teenager and her parent driving in a car

10 Tips to Help Keep Your Teens Safe on the Road

May 16, 2019

Driving challenges us to use dozens of our coordination, observation, and decision-making skills at once. Being young and inexperienced, teens naturally struggle with acquiring these skills. Learning to drive as a teen can mean some figurative bumps in the road — as well as literal ones.

According to the CDC, 292,742 drivers aged 16-19 in the U.S. received emergency room treatments for crash injuries in 2016. That same year, 2,433 teens died from their car accident injuries, equalling about six teens per day. Altogether, teen drivers and passengers accounted for $13.6 billion of the total motor vehicle injury costs for that year — 8.4% of the costs overall.

Keeping your teen safe on the road should be a top priority. Simple lessons, like not getting distracted by the phone or radio while driving, could easily save lives.

In the event that your teen gets into a major accident through no fault of their own, a Pensacola car accident lawyer can assist your family with filing an accident claim for all available forms of compensation.

Here are the top 10 ways you can help your teen driver lower their risk of a car accident:

1. Emphasize That They Are More Vulnerable to Accidents

On a per-miles-driven basis, teens 16-19 have a crash rate nearly three times higher than those 20 and older.

2. Give Them Supervised Driving Hours After 16

Accompany your teen on trips, or offer to let them drive during family outings. Monitored driving can allow teens to build skills and recognize decisions more adeptly.

3. Explain Defensive Driving Techniques

Teens must understand that they can take actions to reduce the risks that other drivers pose on the road. Teach them to yield, not to tailgate, and other practical safety guidelines.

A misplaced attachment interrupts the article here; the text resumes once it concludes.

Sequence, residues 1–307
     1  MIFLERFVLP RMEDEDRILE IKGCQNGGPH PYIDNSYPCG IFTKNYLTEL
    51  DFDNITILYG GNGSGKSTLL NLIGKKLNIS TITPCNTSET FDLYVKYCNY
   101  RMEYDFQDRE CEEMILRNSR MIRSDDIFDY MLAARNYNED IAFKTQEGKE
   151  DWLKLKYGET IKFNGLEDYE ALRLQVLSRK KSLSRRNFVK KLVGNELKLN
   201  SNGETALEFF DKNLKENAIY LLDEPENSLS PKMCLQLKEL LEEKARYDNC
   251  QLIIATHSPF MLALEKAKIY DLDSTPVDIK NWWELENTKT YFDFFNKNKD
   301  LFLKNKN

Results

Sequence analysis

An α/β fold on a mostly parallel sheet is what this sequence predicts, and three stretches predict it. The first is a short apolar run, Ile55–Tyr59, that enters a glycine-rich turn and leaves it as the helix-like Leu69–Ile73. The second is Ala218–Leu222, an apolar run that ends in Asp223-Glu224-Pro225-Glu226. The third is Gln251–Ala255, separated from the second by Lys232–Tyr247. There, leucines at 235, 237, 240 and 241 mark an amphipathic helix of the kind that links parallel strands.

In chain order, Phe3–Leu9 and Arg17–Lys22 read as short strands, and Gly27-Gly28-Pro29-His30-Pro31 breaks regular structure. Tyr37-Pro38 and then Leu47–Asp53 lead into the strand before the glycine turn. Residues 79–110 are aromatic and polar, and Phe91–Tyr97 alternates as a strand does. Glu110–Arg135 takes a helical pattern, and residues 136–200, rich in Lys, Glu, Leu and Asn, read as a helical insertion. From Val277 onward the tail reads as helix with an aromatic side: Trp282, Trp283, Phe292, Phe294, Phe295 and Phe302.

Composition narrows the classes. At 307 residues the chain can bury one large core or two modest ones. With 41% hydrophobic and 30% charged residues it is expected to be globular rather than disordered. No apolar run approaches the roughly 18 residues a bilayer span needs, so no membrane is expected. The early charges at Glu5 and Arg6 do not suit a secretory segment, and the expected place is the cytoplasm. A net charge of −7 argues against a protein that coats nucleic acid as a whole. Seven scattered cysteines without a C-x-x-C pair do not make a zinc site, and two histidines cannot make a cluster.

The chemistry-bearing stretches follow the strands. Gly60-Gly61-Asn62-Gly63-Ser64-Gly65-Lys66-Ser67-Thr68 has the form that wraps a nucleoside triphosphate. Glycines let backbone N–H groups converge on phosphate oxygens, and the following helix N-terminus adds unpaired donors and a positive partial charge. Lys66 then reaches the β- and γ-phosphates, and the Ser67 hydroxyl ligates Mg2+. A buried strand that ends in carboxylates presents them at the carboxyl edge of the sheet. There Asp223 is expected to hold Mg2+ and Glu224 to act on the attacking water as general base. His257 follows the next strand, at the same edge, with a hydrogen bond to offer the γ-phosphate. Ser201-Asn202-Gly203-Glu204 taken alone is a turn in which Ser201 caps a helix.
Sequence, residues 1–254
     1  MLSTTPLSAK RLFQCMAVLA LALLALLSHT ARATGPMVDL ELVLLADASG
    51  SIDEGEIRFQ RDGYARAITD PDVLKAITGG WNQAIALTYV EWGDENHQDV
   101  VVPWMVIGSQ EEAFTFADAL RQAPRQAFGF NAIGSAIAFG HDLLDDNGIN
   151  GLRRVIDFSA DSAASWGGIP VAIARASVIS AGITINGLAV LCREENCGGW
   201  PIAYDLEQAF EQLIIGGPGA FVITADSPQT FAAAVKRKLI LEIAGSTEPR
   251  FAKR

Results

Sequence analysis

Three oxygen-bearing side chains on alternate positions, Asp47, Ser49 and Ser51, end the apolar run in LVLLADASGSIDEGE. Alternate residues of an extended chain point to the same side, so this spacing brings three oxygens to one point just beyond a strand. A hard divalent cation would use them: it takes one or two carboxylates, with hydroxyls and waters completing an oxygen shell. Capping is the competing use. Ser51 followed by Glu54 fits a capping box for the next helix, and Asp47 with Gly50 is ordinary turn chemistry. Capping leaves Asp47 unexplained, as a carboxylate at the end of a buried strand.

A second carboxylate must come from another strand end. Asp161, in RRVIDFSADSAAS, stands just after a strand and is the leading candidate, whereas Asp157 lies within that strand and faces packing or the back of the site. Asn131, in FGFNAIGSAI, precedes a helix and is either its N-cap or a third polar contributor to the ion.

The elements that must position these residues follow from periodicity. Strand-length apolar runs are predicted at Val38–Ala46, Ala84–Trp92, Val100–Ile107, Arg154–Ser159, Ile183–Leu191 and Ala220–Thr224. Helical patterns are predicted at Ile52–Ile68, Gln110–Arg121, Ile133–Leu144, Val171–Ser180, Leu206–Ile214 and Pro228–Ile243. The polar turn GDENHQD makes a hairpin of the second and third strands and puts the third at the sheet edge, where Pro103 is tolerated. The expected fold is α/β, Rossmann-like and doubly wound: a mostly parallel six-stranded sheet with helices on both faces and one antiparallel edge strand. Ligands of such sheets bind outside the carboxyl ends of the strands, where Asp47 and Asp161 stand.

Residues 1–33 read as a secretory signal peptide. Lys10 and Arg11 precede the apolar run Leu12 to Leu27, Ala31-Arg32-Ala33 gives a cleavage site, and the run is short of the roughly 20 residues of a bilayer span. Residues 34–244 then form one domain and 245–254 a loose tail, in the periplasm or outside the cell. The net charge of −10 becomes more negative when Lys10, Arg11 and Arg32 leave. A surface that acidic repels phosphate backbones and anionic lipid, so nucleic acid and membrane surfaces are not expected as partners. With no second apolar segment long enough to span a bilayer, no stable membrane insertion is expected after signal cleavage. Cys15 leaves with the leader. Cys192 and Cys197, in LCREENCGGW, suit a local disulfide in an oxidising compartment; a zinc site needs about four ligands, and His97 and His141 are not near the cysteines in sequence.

4. Discourage their Need for Speed

Driving fast is tempting but dangerous. Nearly a third of all fatal crashes with teen drivers involved speeding.

5. Make Them Wear Their Seatbelt

Teens have the lowest rate of seat belt use among age groups; just 59% of teens say they wear their seat belt when riding as a passenger.

6. Communicate the Dangers of Drinking and Driving

One in four teen drivers killed in motor vehicle accidents in 2016 had been drinking some amount of alcohol, and one in five was alcohol-impaired.

7. Keep Phone Usage at Bay

Give your teen a hands-free device, and tell them to keep their phone powered off unless using the navigation feature.

8. Avoid Letting Them Drive Their Friends

The risk of a teen driver getting in a fatal accident increases by 44% when carrying one passenger under 21, doubles when carrying two, and quadruples when carrying three or more.

9. Set a Good Example with Your Own Driving

Adult drivers who don’t speed, don’t get distracted, and practice other good driving habits provide a positive role model to their young drivers.

10. Ensure Your Teen Knows What to Do After a Crash

Teens should know to call 911 immediately after checking on everyone.

If they can, they should also take photos of the accident before the vehicles are moved or they are carried away by an ambulance. They should not admit fault or apologize at the scene of the accident.

Ideally, you and your teen will speak with a Pensacola car accident lawyer as soon as you can regarding a claim against any negligent drivers involved. Call us today at 850-444-4878 for your free consultation.